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Discovered Gene Controls Social Eating Behavior - HHMI
is C. elegans and why work on it? - U of Missouri
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Do you eat or need to be around people when youâ€™re stressed?
As this ScienCentral News video reports, scientists are studying the nerve
cells of tiny worms to find out why.
Anxious Worms Stick Together
Humans are social animals and our social interactions and social behaviors
are some of the most important and interesting features of our lives. Scientists
have been trying to understand how genes and nerves can affect our behavior.
Since humans are very complex animals, researchers have often turned to one
of the simpler animals—like the C.
elegans, a nematode, a tiny worm, barely bigger than a comma on this
Bargmann, professor at the University of California San Francisco and
an investigator of the Howard
Hughes Medical Foundation says, “We know that some aspect of behavior
is influenced by genetics and by genetic differences between individuals.
But we donâ€™t know exactly how the genes affect behavior, and what kinds
of genes are involved.” She says the reason scientists study C. elegans
is because they know all of their genes and all of their nerve cells. Therefore
they can study the wormâ€™s brain at a very high level of detail.
Bargmann, Mario de
Bono, and others saw that in the wild these worms exhibited two different
kinds of feeding behaviors: Some were social and others solitary. In an earlier
study they found that the worms were genetically different. Now they wanted
to find out what was making the “social” worms aggregate when
feeding. They associated this behavioral difference to a natural variation
at a single amino acid residue of a neuropeptide receptor called NPR-1. Neuropeptide
receptor is a brain chemical that nerve cells use to communicate with each
other. Worms lacking npr-1 strongly aggregated to feed, indicating that the
presence of npr-1 represses this behavior and made them solitary.
In a study
reported in the journal Nature, Bargmann and colleagues say that in
the social worms they identified a set of genes that are switched on in the
nerve cells that are known to sense stressful situations. The nerve cells,
neurons, seemed to be sending repulsive or distress signals when they
encountered food, and that was promoting the social feeding behavior.
“And so we tried to understand what it was about the food that made them
prefer to aggregate rather than be alone”, says Bargmann. “We
learned that the animals aggregate in response to conditions that they may
find frightening or stressful, and that the food that we feed them actually
alarms some of the animal and this is what causes them to gather into feeding
Further investigation revealed that the wormâ€™s food source, which is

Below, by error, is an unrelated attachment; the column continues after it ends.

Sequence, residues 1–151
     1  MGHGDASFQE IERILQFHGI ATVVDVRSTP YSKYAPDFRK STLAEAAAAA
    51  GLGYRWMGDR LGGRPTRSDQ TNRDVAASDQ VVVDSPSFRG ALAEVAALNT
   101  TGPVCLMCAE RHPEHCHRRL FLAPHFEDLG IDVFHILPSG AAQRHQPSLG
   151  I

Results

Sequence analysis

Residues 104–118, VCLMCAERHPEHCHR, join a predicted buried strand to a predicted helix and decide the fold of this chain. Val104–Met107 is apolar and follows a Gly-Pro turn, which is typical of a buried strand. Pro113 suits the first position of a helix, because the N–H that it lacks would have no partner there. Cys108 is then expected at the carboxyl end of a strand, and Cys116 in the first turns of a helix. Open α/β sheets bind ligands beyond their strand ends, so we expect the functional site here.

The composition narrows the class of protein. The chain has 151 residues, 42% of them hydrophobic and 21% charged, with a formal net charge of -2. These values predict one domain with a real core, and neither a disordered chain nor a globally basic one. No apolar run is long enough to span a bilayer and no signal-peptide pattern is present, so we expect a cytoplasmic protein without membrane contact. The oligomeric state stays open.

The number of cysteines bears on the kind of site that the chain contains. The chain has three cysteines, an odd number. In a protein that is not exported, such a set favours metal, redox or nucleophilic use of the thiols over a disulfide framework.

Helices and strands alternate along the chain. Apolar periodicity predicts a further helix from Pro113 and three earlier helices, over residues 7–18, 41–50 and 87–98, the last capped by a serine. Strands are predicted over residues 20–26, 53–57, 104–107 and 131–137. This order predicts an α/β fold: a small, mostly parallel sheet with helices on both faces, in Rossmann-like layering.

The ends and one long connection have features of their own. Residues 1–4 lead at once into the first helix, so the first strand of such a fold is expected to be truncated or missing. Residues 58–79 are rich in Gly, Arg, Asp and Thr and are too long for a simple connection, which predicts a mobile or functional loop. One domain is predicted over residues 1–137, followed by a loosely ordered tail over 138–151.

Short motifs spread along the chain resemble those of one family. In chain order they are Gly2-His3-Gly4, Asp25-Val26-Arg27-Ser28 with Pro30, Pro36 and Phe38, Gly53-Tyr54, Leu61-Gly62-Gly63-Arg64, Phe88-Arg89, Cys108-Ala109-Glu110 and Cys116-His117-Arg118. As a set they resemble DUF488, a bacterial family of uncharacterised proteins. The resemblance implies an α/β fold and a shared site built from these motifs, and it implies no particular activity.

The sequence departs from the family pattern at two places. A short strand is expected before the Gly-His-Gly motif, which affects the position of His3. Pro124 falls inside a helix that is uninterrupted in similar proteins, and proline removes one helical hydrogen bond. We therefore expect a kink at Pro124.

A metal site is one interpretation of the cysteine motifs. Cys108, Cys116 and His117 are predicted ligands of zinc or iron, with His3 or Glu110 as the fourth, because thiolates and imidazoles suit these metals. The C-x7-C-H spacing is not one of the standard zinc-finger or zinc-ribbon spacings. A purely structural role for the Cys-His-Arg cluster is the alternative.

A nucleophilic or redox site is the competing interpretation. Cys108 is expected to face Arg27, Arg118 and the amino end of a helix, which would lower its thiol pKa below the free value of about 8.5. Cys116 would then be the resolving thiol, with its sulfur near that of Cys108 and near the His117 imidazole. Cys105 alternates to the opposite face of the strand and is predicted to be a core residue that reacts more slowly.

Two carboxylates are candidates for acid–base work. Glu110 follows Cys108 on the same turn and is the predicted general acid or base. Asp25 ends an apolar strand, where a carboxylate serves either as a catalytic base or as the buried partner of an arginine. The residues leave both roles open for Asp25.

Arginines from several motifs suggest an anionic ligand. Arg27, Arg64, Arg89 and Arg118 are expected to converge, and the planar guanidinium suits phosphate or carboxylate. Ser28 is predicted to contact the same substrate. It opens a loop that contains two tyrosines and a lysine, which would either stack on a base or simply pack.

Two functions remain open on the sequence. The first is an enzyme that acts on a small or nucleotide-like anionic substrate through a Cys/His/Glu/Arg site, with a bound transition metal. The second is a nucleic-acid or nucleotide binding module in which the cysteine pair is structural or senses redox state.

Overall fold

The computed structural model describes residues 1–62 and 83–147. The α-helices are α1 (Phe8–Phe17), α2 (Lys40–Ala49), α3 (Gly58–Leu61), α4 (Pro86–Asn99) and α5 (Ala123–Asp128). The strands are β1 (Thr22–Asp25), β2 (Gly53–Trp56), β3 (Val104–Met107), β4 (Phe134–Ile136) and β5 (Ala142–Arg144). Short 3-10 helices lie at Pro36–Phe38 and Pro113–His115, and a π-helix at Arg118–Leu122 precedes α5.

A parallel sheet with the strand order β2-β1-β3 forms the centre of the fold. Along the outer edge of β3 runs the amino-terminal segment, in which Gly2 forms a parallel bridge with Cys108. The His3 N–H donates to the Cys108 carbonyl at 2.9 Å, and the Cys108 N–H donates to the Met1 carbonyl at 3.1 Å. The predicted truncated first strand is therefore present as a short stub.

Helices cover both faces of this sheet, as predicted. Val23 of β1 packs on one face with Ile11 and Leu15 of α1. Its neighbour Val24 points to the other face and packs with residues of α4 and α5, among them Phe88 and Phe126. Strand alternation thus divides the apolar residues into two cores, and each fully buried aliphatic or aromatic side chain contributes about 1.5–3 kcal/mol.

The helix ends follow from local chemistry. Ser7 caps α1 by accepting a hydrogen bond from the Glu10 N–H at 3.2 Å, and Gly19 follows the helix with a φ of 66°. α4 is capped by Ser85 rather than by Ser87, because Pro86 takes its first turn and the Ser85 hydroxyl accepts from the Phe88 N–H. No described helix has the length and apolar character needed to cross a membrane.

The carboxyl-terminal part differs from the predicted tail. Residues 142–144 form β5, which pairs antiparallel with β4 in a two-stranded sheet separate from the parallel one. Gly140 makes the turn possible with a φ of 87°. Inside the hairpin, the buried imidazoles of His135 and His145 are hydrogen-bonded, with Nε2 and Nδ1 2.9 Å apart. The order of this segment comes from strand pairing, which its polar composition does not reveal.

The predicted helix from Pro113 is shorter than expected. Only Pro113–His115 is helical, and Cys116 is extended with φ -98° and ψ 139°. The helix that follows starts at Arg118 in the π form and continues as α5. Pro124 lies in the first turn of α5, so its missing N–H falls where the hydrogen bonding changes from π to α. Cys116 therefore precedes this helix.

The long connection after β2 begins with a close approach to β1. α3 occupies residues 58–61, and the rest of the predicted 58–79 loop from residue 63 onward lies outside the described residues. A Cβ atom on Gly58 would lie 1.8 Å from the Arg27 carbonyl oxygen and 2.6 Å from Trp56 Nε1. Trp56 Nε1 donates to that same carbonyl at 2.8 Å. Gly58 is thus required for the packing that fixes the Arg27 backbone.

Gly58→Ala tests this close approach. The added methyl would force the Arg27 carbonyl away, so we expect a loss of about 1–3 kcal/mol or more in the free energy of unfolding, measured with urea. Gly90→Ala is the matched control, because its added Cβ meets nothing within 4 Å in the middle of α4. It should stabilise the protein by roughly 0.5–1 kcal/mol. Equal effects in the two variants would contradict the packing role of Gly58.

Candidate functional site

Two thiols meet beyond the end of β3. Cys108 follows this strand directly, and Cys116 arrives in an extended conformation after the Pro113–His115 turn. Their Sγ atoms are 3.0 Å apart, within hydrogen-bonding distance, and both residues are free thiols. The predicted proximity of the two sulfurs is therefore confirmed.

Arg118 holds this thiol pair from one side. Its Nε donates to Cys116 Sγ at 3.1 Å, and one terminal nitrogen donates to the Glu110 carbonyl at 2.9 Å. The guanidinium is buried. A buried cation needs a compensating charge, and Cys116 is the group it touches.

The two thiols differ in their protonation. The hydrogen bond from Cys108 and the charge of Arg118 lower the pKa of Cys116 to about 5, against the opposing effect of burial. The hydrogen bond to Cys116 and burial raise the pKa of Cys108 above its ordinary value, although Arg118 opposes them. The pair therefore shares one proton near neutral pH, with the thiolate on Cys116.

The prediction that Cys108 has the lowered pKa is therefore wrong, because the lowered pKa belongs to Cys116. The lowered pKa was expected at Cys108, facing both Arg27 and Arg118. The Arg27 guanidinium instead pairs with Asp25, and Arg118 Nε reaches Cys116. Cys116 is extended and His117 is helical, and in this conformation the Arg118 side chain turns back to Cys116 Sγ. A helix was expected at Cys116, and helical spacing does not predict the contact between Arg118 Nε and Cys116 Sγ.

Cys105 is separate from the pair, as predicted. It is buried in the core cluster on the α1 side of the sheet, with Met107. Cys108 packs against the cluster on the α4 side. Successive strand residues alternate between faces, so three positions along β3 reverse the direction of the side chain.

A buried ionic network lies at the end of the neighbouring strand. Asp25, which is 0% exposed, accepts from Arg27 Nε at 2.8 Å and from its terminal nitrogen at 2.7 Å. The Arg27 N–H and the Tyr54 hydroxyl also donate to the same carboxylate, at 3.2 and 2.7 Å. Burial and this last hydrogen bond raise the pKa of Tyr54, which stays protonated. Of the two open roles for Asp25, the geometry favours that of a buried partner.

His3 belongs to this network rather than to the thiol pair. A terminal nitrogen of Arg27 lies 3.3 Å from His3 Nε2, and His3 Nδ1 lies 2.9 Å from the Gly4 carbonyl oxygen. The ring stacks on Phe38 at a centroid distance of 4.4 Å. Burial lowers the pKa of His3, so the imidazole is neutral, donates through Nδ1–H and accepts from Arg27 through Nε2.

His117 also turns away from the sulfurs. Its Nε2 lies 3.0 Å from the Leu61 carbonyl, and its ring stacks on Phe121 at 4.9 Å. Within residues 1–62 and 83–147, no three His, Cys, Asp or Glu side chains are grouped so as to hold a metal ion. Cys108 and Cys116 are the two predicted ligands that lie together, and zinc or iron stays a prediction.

E-coli and many soil bacteria, can kill C. elegans under certain conditions
in the wild.
Bargmann points out that there could be evolutionary advantages for showing
either social or solitary behaviors, depending on the circumstances, and thatâ€™s
probably why both of those different behaviors are present. From an evolutionary
perspective, social behavior in animals is often influenced by environmental
conditions. Animals may gather in the presence of a predator, to protect each
other from toxins, to mate, raise young, or to eat food that may be difficult
But while there are advantages to aggregation, there are also disadvantages.
By coming together in a group they may be more conspicuous to a predator,
they may get less food to eat (since they have to share), or they may be more
susceptible to infectious diseases.
So, Bargmann says, “We think that these behaviors are regulated in the
animal so that different aspects of the behavior will be present depending
on whether it makes more sense for the animal to go it alone…or whether
it makes more sense for them to go it together. So perhaps to our surprise,
the feeding groups [of worms] are not just a positive response to each other,
itâ€™s a positive response that is encouraged by being a little frightened
of the environment in which they find themselves.”
Although the researchers do not want to draw any immediate inferences to human
behavior, they say that a similar gene in mammals is known to influence feeding
“The neuropeptide Y is one of the strongest feeding stimulants known
in mammals, including ourselves,” says Bargmann, adding that it also
“regulates anxiety levels, sensitivity to stressful signals.”
So, is it possible that the differences in human behavior between individuals
may be at the molecular level, just as in the worms? Bargmann says itâ€™s
too soon to tell. Researchers are just starting to tease apart the kinds of
pathways that act in those sorts of human behaviors.
Bargmann's work was supported by Wellcome
Trust, Howard Hughes Medical Institute, and the Medical
Research Council of Great Britain.